Bario Neal’s Guide to Fancy Diamond Cuts

Fancy diamond cuts refer to any diamonds that aren’t round. The labels, from princess cut diamond to cushion cut diamond, are akin to fashion trends, with some diamond shapes more and less sought after in different eras. Like the rise and fall of the waist on our jeans, many come ’round again. But bell bottoms or no, at Bario Neal, we think choosing a diamond isn’t about what’s “in” or “out.” What draws your eye and what gemstone works in a meaningful handcrafted piece of jewelry that fits your style is most important. Another priority: All of Bario Neal’s diamonds are either recycled or fully traceable to an ethical source.

Speaking of fancy, jewelry industry terms can be confusing, especially when we’re talking about “cut” and “shape.” For example, an emerald cut is an octagonal-shaped diamond. To make this an easy guide and not a gemologist’s exam, we’re covering the basics and giving you design inspiration based on the appearance of diamonds labeled as they are in this simple chart.

If you’re keen to prep for that test though, make an appointment at our Philadelphia or New York City showrooms, where we’re always ready to talk to clients about diamond facts.

Diamonds Come in All Shapes and Styles

The rose cut has been around since the mid-16th century, the radiant cut has 70 facets, and the first princess cut diamond to hit the scene arrived in 1960. Today, round diamonds are by far the most popular, so diamond rings in fancy shapes are typically more accessibly priced.

Whatever the carat weight, the cut of a diamond affects how big or small a stone appears. If you want a modest look, cushion and princess cut diamonds are on the minimal side. Oval, pear, and marquise cuts have a larger visual presence relative to carat. For example, a 1 carat oval cut diamond can look much larger than a 1 carat round diamond.

If you use your hands a lot and you’re buying a diamond ring you want to wear every day, then emerald, asscher, and radiant cut diamonds could be perfect for your action-oriented life. They all have beveled corners that create a place for prongs to go and help prevent chipping. (Bonus: Those bevels are pretty too.)

Aliyah Gold, Bario Neal Gemstone & Custom Design Specialist, suggests thinking about color and clarity too. “I also consider the symmetry and the polish,” she says. Good polish is essential for maximum brilliance in a diamond. Symmetry means the facets of the diamonds look well-balanced.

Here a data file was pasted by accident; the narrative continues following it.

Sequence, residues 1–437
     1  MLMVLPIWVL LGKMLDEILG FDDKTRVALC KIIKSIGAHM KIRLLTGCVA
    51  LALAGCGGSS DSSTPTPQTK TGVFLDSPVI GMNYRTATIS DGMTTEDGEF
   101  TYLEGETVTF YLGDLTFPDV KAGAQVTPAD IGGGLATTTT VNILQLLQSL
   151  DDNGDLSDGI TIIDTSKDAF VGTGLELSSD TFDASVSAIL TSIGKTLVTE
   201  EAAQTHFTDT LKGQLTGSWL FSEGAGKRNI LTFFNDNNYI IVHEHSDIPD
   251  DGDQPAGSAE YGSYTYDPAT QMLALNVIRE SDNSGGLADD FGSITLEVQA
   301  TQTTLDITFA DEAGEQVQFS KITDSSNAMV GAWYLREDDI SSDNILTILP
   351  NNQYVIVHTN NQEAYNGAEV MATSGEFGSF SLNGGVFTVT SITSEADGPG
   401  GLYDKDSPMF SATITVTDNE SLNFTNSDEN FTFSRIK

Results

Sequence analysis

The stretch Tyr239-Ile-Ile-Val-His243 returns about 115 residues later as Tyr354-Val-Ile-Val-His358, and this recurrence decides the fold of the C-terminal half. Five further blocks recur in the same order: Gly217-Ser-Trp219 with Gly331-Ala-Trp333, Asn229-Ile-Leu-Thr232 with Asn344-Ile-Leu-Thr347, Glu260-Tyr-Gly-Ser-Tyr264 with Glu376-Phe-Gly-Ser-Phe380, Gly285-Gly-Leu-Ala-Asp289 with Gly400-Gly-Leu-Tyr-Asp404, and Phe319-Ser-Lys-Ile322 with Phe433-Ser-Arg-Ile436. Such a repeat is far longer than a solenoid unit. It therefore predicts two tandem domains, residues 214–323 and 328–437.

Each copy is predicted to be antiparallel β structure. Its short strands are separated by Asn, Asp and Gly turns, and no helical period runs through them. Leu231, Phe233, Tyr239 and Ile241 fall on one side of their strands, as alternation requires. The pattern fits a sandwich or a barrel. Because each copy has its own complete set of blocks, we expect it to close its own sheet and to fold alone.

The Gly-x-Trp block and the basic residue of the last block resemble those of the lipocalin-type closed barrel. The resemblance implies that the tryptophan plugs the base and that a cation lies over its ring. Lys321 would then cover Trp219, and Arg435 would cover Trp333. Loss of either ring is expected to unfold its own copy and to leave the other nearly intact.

Fancy Diamond Cuts Come in All Colors Too

If you want a shape other than round, you won’t be limited to white diamonds. A champagne diamond brings a hue that somehow manages to be earthy and otherworldly all at once in this Custom Lash Champagne Diamond Triad Ring.

Fancy Diamond Cuts Work in Solitaires, Linear, and Cluster Ring Designs

Bario Neal’s jewelry designs tap into the strength and beauty of many fancy diamond cuts. Here’s how rings in our collection (many get personalized with a client’s diamond shape ideal) and our custom designed rings prove that pears, roses, and princesses are just as current as round diamonds.

  • Princess Cut Diamonds
Custom Heirloom Princess Cut Diamond Cluster Ring

As Bario Neal Co-founders + Principle Designers Anna Bario and Page Neal explained to fashion website Who What Wear, “The beauty of the rings with a princess cut lies in their minimalism and celebration of classic geometry.” Nothing proves them more right than this Custom Heirloom Princess Cut Diamond Cluster Ring.

  • Cushion Cut Diamonds

There’s a reason the classic cushion cut held the “most popular” title until the early 1900s, as you can see in the Avens Asymmetrical Cushion Cut Diamond and Champagne Ring.

  • Emerald Cut Diamonds

This Custom 1 ct. Emerald Cut Diamond Cluster Ring with Aqua and Sea Foam Sapphires is one of Aliyah’s favorite examples of designing a cluster ring using a fancy diamond shape. The emerald cut diamond takes center stage in its own bezel setting while other gemstones — aquamarine, two seafoam sapphires, two rough diamonds, and a champagne diamond — dance around.

In a solitaire ring, the emerald cut in our Custom .5ct Bezel Set Emerald Cut Diamond Ring is a good reminder why it’s good to tilt your head to the side sometimes and see the world from a new angle. With all of this guide’s diamond ring ideas, think about how the fancy cut would look horizontal and vertical.

  • Rose Cut Diamonds

“Rose cuts are really nice for people who want a faceted diamond but not quite as much sparkle,” Aliyah says. “Rose cut is just a little toned down and shines differently than a round brilliant cut. They are really beautiful and different to work with. And they’re flat on the bottom, so they allow for a much lower-profile ring.” She says one of her favorite Bario Neal custom designed rings is this Custom Nikko .98ct Grey Pear Shaped Rose Cut Diamond Ring.

Our Gale Rose Cut Diamond Ring reflects another reason people love this cut: It feels contemporary while still paying homage to an era when all diamonds were cut by hand.

  • Radiant Cut Diamonds